ROTC cadets from Florida A&M University — one of the nation’s Historically Black Colleges and Universities, and Florida State University visited the U.S. Army Aviation Center of Excellence to learn more about the aviation branch March 4, 2022.
The goal for the visit was to educate cadets about the capabilities and purpose of Army aviation by providing an opportunity to hear from senior leaders, experience some of the simulators and aircraft, and tour the Museum.
Maj. Gen. David J. Francis, USAACE and Fort Rucker commander, kicked off the event by welcoming the cadets in a session held at the U.S. Army Aviation Museum.
“The profession of arms is an exciting team, and very few people don the uniform of our service, and I commend you all for that because our nation needs you right now,” Francis said. “If you want to do something that makes a difference, you’re wearing the uniform that makes a difference.”
Francis said the Museum is a “special place” where the cadets could see on display the aircraft and legacy of aviation’s past all the way back to World War I, including Army aviation becoming a branch in 1983, and how today the Army is transforming.
“Not only do we have the most advanced aircraft in the world in the Apache, Black Hawk and Chinook, but we’re developing things right now that will come to pass as you’re getting ready to come into the Army, or very close to it, that are going to exceed anything that we’ve ever imagined in the past,” Francis said.
Francis said he had one message for those interested in the aviation branch who might have a tendency to self-eliminate because of their own doubts or misconceptions.
“Don’t count yourself out,” he said. “The secret people don’t really understand is that if you make yourself competitive you have a great shot at becoming an Army aviator.”
Cadets interested in aviation should go ahead and get a flight physical, and take the Selection Instrument for Flight Training (SIFT test), he explained.
“We’re looking for the whole person — people that want to lead, that are adaptive and agile, and can react to change,” he said.
Francis also conducted a question-and-answer session with the cadets to help dispel myths about Army aviation and respond to a broad range of questions about the branch.
Lt. Col. Linus D. Wilson, deputy director of the USAACE’s Office of Personnel and Force Development, said he appreciated Francis taking the time to speak directly with cadets during the event.
USAACE conducts multiple outreach opportunities throughout the year to provide cadets the exposure to the branch that they would otherwise not have, in hopes that they decide to branch aviation.
“A lot of them are not aware. Sometimes their military instructors are not aviation, so they tend to fall in the footsteps of their mentors,” Wilson said.
“It also takes exposure to aviation from people that look and sound like you as well, to see that hey, there’s a place for me to fit and I can have a successful career. That mentorship is really key,” Wilson said.
After speaking with cadets throughout the day, Wilson said their reactions were “pure excitement and joy,” and after the event more cadets showed interest in branching aviation.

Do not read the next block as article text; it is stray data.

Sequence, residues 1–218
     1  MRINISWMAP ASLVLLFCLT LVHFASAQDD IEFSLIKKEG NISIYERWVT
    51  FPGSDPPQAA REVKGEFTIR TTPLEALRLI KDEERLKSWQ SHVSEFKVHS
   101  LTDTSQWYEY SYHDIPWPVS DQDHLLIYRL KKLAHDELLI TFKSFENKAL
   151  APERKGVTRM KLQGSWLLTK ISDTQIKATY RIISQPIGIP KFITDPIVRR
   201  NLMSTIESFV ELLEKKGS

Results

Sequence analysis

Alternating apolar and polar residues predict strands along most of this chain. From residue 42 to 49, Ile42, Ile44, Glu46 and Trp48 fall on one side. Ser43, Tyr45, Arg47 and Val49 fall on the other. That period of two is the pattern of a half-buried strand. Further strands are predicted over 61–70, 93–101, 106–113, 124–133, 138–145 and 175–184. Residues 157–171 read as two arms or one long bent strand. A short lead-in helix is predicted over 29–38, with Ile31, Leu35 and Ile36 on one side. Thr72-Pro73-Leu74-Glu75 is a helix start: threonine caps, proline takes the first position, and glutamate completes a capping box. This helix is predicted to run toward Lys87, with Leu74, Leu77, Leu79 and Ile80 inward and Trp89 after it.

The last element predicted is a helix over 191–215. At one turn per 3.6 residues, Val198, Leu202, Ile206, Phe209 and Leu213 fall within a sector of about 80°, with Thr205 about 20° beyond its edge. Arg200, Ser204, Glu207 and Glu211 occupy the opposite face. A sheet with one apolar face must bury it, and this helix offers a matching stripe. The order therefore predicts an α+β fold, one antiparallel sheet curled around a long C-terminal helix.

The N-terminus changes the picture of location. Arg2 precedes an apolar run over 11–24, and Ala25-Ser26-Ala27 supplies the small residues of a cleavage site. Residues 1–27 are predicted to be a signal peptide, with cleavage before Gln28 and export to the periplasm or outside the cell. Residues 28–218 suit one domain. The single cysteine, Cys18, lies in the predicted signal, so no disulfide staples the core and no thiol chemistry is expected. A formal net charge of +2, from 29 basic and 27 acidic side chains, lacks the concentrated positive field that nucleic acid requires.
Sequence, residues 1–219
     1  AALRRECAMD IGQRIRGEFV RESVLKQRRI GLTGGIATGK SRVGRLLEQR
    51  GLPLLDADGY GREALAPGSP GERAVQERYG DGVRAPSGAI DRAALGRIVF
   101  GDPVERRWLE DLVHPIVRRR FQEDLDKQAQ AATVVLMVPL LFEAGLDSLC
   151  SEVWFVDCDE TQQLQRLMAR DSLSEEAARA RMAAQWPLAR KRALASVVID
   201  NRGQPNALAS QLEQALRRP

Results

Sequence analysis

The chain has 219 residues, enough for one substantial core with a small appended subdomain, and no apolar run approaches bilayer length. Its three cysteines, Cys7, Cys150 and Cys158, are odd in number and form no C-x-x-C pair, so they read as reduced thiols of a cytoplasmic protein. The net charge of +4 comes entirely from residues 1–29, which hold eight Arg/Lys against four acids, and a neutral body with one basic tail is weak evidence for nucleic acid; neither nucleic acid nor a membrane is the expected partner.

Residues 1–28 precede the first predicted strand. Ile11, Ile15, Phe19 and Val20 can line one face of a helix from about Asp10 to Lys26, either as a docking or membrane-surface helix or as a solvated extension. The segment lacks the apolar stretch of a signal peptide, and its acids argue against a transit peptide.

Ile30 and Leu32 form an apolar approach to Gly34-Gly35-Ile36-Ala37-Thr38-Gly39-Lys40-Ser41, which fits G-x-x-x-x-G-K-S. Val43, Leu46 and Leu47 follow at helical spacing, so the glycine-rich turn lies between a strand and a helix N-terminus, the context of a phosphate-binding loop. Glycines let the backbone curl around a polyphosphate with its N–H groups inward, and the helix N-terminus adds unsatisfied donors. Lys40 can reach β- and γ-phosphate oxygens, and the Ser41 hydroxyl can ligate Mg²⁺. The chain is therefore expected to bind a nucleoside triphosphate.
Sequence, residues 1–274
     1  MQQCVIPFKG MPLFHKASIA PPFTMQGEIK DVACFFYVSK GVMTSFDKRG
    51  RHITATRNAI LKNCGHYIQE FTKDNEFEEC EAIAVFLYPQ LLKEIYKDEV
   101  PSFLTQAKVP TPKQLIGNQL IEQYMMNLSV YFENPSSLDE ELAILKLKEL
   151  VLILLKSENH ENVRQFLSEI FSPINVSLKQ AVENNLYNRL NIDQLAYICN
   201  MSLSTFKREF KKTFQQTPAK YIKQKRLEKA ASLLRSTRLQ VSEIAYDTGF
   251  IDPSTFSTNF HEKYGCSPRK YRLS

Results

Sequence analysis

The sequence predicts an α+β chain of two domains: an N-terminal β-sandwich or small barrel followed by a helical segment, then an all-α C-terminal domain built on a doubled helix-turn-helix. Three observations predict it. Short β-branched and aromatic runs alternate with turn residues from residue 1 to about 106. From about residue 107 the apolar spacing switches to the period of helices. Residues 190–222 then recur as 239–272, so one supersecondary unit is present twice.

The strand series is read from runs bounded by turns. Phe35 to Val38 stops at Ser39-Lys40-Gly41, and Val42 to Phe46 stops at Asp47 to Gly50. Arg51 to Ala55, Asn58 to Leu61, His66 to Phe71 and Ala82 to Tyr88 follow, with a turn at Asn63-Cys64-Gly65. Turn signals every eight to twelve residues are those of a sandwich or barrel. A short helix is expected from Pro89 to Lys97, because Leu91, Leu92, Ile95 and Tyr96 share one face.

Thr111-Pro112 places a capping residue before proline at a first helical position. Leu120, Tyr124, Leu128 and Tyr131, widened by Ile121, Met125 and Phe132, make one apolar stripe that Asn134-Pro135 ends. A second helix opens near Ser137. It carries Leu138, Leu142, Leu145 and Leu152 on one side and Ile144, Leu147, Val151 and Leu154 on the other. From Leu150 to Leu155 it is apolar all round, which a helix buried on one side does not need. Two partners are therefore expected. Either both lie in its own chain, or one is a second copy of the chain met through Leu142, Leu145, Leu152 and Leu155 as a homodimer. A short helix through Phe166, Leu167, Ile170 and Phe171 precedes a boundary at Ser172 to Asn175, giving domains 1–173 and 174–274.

Capt. Bryce Greenwood, senior aviation proponent manager at OPFD, said their office has touchpoints planned with more than 2,000 cadets this year as part of their outreach efforts to educate cadets about the careers in the aviation branch.
The team from OPFD typically reaches out to colleges and universities within a two-hour driving distance from the post, including well-known HBCUs like Tuskegee University and Florida A&M University. Their target audience are sophomores and juniors who still have time to take the SIFT test and get their flight physical.
“We try to get out there early before they go out to their cadet training their junior summer. Their senior year is when they find out their branches and we go through the accessions process,” Greenwood said.
In the past, area high school Junior ROTC programs have also visited Fort Rucker.
Greenwood explained the nature of accessions has changed.
“It is no longer is it just a snap of the chalk line from (grade-point average) and your cadet summer training order of merit list. It is now a talent-based branch, we get a holistic look at each cadet so not only do they have the Talent Assessment Battery, where they get to test their cognitive and noncognitive skill sets, we also offer them a video recorded interview which is really a tool for them to get to tell us about the nuances of them,” Greenwood said.
OPFD’s outreach efforts are nested within the acquisition line of effort in the Army People Strategy, and also with the Army Talent Management Task Force’s combat arms outreach including HBCU’s as well as Hispanic Serving Institutes, as they look for a diverse talent pool, he explained.
The Army now has a Virtual Branch Outreach site where people can click on all the 17 branches of the Army to learn more. This site provides contact information, a message from the USAACE commanding general, aviator interviews from all three components about why they chose to serve in the aviation branch, as well as more information about the branch.
For more information, visit https://vbo.army.mil.